Campaign organizers with Alaska Natives Without Land are optimistic that legislation advancing the land claims of Alaska Natives from five Southeast communities will be reintroduced during the 117th Congress, which got underway on Jan. 3, 2021.
Haines, Tenakee, Ketchikan, Wrangell and Petersburg were inexplicably left out of the Alaska Native Claims Settlement Act of 1971, and were unable to form urban Native corporations. Alaska Natives from these communities have gone 50 years without the economic benefits that are associated with urban corporations, including dividends, scholarships, local economic development and more. The bill, called the Unrecognized Southeast Alaska Native Communities Recognition and Compensation Act, would amend ANCSA to include the five communities and allow them to form urban corporations.
Although advocates have been fighting for inclusion and recognition for 50 years, since ANCSA’s original passage, last year’s legislation fell victim to timing and the chaos that enveloped federal politics at the close of the year. It must now be reintroduced.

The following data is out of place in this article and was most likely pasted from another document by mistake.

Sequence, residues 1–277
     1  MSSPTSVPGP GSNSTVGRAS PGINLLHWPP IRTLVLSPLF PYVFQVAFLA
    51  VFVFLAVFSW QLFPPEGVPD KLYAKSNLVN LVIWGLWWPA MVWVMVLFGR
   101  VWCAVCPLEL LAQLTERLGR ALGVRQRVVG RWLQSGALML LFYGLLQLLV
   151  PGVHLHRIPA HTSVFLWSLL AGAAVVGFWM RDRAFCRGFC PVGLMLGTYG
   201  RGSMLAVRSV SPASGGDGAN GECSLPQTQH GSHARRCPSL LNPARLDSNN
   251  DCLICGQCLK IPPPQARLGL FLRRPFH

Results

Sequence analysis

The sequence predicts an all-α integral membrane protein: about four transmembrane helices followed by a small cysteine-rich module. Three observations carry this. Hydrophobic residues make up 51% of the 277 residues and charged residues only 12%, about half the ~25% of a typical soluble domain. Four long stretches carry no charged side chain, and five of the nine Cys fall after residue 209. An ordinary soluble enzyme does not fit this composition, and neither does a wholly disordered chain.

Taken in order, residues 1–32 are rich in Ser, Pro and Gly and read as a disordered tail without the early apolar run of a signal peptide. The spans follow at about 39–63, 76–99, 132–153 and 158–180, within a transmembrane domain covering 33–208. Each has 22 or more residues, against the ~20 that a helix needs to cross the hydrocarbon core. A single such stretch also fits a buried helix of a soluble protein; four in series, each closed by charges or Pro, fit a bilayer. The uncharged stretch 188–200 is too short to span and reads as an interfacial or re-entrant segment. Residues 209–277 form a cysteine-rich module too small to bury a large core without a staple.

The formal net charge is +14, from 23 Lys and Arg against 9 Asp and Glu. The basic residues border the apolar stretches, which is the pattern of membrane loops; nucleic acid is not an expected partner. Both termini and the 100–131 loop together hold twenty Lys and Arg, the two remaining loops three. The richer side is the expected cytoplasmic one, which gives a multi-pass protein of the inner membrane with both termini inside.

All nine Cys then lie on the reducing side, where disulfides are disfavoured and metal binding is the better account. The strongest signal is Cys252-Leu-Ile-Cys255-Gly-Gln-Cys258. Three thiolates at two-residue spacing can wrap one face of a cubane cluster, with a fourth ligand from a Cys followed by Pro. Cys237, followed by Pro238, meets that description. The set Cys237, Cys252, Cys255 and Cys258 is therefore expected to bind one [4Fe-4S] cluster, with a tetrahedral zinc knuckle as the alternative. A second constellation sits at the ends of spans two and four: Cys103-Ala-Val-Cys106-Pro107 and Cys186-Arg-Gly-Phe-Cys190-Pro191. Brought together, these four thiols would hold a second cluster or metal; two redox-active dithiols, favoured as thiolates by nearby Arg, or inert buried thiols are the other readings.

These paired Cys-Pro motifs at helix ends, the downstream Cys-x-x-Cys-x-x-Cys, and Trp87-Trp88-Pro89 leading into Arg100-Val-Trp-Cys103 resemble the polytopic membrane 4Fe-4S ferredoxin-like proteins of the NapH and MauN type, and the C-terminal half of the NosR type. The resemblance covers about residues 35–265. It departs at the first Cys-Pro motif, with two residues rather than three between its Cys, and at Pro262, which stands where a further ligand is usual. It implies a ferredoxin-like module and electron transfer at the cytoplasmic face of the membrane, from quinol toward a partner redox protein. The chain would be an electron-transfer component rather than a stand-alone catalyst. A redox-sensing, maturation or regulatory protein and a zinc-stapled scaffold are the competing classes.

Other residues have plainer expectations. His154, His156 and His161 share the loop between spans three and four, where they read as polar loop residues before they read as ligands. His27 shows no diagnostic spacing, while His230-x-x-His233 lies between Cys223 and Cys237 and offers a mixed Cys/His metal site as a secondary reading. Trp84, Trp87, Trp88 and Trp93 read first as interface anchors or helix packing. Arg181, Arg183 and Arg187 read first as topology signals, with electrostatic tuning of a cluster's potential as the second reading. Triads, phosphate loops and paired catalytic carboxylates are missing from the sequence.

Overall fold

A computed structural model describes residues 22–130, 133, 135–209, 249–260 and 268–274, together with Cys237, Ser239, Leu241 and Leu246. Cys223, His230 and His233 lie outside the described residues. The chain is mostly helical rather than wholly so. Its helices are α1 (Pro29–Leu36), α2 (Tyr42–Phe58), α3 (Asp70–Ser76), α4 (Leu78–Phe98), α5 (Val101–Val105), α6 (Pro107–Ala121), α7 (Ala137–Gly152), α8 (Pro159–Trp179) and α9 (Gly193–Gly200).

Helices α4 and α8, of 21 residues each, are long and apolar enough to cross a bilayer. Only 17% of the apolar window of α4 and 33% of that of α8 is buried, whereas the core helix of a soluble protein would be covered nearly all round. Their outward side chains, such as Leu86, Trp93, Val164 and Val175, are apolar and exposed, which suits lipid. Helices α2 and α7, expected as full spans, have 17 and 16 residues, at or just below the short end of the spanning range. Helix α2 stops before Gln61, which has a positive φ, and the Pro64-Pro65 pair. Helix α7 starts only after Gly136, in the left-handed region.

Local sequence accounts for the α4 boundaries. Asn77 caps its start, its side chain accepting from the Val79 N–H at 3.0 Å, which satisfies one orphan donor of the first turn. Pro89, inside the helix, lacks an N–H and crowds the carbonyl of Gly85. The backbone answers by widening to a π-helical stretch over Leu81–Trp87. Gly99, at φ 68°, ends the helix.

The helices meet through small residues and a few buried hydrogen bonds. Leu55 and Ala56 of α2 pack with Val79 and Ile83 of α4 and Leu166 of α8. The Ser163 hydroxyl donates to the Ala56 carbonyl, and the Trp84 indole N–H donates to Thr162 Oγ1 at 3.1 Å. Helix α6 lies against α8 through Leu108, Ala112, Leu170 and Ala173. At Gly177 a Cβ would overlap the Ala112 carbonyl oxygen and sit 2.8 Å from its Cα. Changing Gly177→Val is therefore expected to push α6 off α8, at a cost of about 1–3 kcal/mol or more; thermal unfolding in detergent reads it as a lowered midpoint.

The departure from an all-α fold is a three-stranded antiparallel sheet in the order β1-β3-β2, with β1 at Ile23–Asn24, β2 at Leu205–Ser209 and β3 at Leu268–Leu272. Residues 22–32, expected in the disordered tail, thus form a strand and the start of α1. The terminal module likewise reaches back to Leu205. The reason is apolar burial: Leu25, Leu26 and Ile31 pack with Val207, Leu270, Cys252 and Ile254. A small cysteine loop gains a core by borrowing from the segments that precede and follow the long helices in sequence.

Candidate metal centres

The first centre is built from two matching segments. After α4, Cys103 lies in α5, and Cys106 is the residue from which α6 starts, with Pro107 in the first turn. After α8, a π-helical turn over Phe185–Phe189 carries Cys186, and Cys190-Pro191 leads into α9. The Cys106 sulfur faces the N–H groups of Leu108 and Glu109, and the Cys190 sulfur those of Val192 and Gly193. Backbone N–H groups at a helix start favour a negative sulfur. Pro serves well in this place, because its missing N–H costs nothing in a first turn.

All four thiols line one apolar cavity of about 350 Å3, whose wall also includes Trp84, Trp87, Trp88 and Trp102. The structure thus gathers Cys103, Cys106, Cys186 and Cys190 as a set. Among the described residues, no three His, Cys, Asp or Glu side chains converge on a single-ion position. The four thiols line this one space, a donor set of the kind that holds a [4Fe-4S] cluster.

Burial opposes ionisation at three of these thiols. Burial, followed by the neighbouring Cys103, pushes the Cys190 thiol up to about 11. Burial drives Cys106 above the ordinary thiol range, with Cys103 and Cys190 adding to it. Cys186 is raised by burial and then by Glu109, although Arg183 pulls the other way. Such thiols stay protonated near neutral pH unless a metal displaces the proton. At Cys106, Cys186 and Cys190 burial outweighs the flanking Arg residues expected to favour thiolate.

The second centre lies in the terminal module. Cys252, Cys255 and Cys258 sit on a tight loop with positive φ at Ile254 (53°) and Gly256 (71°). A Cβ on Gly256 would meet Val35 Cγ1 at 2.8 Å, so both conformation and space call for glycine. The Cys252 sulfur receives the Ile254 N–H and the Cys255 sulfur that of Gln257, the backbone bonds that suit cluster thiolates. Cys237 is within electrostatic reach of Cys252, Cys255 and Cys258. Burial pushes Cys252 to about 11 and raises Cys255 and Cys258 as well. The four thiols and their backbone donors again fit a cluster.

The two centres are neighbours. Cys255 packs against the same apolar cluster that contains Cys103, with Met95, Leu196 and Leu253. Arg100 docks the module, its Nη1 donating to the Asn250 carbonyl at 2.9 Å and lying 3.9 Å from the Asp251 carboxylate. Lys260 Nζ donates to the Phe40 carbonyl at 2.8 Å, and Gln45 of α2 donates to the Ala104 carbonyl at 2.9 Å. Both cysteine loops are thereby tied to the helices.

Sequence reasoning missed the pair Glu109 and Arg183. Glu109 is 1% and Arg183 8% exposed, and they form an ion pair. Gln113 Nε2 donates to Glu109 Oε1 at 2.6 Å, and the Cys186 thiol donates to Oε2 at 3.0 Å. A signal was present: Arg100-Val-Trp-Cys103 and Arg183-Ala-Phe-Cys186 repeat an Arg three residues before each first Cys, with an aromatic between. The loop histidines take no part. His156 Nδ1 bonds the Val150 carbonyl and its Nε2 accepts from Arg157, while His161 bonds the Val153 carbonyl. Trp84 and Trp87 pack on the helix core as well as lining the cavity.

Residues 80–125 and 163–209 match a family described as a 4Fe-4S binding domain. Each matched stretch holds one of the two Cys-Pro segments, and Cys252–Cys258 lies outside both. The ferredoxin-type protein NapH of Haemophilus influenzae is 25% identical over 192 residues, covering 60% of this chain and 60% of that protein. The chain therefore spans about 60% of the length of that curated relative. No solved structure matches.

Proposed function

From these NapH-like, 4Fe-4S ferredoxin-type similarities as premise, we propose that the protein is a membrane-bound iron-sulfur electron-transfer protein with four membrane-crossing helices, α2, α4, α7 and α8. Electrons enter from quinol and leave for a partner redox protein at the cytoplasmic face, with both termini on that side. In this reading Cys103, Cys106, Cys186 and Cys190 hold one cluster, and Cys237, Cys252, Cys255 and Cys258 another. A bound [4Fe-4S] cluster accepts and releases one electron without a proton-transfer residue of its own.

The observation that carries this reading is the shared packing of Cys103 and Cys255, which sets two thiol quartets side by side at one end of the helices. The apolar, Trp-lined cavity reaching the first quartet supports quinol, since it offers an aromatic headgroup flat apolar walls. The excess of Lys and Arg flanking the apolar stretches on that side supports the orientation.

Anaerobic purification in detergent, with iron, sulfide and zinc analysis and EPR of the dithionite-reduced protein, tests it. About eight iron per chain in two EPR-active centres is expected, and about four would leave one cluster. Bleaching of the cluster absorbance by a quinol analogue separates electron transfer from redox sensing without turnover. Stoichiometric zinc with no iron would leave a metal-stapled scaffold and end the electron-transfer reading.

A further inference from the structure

“We cannot control other issues that draw the attention of Congress, or whether there is a final bill within each Congressional session,” said Nicole Hallingstad, who serves on Sealaska’s Board of Directors and is from the landless community of Petersburg. “What we can control is the continued work to get the legislation introduced in each session, and to keep community members and other interested parties up to date with our efforts and progress.”
The advocacy group Alaska Natives Without Land provides regular updates on its Facebook, Twitter and Instagram accounts and on its website about the status of the legislation and opportunities for shareholders, descendants and other allies to lend their support. The group is currently asking advocates to post videos of support on the issue using the hashtag #LandBack, and to send videos, photos or other testimonials to email@example.com so they can share it with their audiences.
The group’s steering committee, Southeast Alaska Landless Committee, is also planning to announce a special opportunity for youth board members to join the fight within the next couple of months. The hope is that youth board members will help bring awareness of the issue to younger shareholders and descendants, whose futures will be most impacted by the creation of new urban corporations through the financial and other benefits they can provide.
“There is no stopping us,” Hallingstad said. “We will stay at this until a bill is passed to give land to our five communities who deserved it 50 years ago, and still deserve it today.”